Oct 13, 2012

Spiritual Approach to Understand the Fourth Dimension

By Marsigit

Fudjack, J. and Dinkelaker, P. (1999) in their “The 'Self' as Hyperbody: Nested Realities and the 'Fourth Dimension'” explained

'The Enneagram as Triple Mandala' to show how mandalas in general are often viewed as comprised of superimposed 'outer', 'inner', and 'innermost' layers, and how these correlate to three approaches to spiritual path - the 'Path of Renunciation', the 'Path of Transformation', and the 'Path of Realization'.

They described that from the liminocentric structure of the Enneagram as Symbol - the manner in which the outermost figure (which is a circle) is identical to the innermost, secret figure (also a circle) - we infered the presence of (nine) Spiritual Qualities.

Further, as attributes of the Self, these can be considered transcendental qualities that pre-exist the characterological 'flaws' or 'defects' around which the Ego-traits that characterize the 9 Enneatypes are constellated.

They inscribed that in Buddhist, Hindu, and Sufi path-of-realization teachings, these Spiritual Qualities are likened to 'hidden jewels'.

They explained that in the Path of Realization teachings of the MAHAUTTARATANTRA SHASTRA this metaphor branches off into nine similar metaphors, related to nine Qualities, and also into parallel motifs that play a central role in the KALACAKRA texts - the idea of a 'hidden kingdom', profound 'buried' or 'hidden' teachings (terma), and a yet-to-be-born universal monarch.

In term of the literal status of spiritual truth, Fudjack, J. and Dinkelaker, P. (1999) the METAPHORS themselves seem to insist on the literal and physical status of what they represent; the image of wheels falling from the sky, individuals waking from dreams with pages of physical texts in hand, or actual fruits - all seem to want to depict acts of embodiment, in which some THING comes literally out of nothing.

They elaborated that the seeming insistence, in 'path of realization' teachings, on the literal nature of spiritual truth has a somewhat fundamentalist ring to it.

They delivered the question, “Is it sufficient (as we previously suggested) to argue that what is being represented is simply the RETURN of the seeker from the spiritual 'heights', to an embodied existence in the ordinary, mundane world? Or is this too facile an explanation?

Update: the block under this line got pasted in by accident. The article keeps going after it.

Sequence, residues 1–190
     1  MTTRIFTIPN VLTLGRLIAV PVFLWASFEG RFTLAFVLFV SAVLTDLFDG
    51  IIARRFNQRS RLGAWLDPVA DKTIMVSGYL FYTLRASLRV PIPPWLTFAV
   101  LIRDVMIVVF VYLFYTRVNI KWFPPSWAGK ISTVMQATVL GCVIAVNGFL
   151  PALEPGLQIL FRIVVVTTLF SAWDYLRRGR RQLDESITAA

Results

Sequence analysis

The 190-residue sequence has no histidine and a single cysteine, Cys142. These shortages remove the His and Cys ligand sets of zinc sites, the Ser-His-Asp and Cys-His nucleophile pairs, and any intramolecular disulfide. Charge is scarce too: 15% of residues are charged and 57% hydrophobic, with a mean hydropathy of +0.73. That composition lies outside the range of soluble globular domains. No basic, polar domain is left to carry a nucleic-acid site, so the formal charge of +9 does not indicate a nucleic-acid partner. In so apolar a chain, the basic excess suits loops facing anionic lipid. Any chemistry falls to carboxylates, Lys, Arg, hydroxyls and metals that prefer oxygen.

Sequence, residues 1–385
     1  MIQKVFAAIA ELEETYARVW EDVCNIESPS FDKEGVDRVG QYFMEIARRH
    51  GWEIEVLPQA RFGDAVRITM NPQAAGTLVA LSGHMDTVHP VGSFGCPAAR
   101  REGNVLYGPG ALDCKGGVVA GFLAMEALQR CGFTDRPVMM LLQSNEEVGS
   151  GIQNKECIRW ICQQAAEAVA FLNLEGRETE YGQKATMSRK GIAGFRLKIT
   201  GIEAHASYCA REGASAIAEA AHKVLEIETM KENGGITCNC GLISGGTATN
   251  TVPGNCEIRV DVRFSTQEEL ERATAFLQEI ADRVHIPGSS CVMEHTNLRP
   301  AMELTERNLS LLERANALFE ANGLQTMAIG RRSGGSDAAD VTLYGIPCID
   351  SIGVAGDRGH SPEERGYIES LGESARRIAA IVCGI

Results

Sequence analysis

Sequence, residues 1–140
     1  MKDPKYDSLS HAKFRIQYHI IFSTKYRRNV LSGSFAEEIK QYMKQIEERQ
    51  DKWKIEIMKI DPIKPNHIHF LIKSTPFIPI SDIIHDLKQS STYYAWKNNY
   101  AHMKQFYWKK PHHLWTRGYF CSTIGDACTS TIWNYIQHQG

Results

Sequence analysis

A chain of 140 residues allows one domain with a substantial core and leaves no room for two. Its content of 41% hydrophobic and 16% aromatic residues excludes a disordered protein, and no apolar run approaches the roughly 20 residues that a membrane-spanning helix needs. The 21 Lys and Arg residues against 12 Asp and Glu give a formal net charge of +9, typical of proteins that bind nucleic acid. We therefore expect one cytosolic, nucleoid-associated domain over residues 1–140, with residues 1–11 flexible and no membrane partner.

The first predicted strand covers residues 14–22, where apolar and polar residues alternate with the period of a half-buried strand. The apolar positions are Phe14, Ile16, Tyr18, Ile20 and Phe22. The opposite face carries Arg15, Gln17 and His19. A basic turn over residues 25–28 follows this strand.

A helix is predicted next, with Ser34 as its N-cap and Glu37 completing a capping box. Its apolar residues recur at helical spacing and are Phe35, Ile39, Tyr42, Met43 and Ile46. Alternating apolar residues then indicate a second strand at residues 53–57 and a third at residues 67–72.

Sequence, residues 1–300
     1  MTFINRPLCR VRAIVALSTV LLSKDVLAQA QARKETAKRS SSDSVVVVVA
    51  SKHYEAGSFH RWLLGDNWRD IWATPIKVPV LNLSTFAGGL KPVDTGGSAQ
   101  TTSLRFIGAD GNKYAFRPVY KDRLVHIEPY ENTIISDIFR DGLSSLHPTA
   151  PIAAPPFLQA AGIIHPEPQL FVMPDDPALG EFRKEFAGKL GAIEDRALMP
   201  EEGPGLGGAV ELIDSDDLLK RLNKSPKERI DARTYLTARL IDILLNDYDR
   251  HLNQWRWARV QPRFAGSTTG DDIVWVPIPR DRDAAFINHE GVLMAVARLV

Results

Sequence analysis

Fudjack, J. and Dinkelaker, P. (1999) strived to uncovered that the truths that are being expressed should not be construed as MERELY literal but also have a function simultaneously at two other 'levels of meaning' that are sometimes called 'figurative', and 'transcendental', in which, they might more aptly be considered 'super-literal' truths - and by this we mean to suggest statements that are literally true, but in a reality at a higher level of description.

They found that for the OBJECTS that are symbolized by the 'path of realization' metaphors under discussion are ones that exist not exclusively in mundane (ego-based) reality, nor in some 'other', separate reality, however, they exist in a 'super-reality' or 'sur-reality' that CONTAINS the mundane world, but also extends beyond it - in the same way in which two-dimensional planes are contained within three dimensional cubes; borrowing a term from contemporary science, we shall use the word 'hyperspace' to describe such a reality.

Fudjack, J. and Dinkelaker, P. (1999) found also that realities can be likened to 'spaces' having a certain number of specifiable 'dimensions'; if the reality in which one exists has an n-dimensional space, then a reality that has n+1 or more dimensions can be said to constitute a 'hyperspace' with respect to it.

Further, bodies in n-dimensional space will, of course, have n (or fewer) dimensions; so bodies that need n+1 dimensions to be adequately described can only fully 'exist' in the appropriate n+1 dimensional hyperspace - and we can refer to them as 'hyperbodies'. Accordingly, from a 3-dimensional perspective, a 4-dimensional cube is, by this definition, a 'hypercube'.

Fudjack, J. and Dinkelaker, P. (1999) found that “self” can be perceived as Hyperbody, with 'Qualities'. Then, they explained that the 'Self' (in the Jungian sense of the word) is a HYPERBODY with respect to the typological space in which mundane personality resides; the words that Jung uses to refer to the Self - such as the 'philosopher's stone', for instance - all seem to suggest that this is the case.

Furthermore, according to them, Jung's images are consistent with the 'Path of Realization' Buddhist metaphors that we have been considering in this series: - the 'precious jewel hidden in the lotus', and its variants.